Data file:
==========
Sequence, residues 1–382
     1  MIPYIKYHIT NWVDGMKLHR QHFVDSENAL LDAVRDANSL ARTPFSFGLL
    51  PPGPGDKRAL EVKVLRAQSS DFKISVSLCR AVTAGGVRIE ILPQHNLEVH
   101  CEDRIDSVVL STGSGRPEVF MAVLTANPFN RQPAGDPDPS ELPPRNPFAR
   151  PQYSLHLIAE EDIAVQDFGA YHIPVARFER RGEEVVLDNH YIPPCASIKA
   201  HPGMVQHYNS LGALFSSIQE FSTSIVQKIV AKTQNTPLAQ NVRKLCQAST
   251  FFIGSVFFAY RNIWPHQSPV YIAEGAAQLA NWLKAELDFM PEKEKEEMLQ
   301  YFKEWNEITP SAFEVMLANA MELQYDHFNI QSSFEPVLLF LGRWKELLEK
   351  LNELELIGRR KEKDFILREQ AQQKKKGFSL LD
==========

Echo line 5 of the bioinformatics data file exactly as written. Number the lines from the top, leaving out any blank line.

   151  PQYSLHLIAE EDIAVQDFGA YHIPVARFER RGEEVVLDNH YIPPCASIKA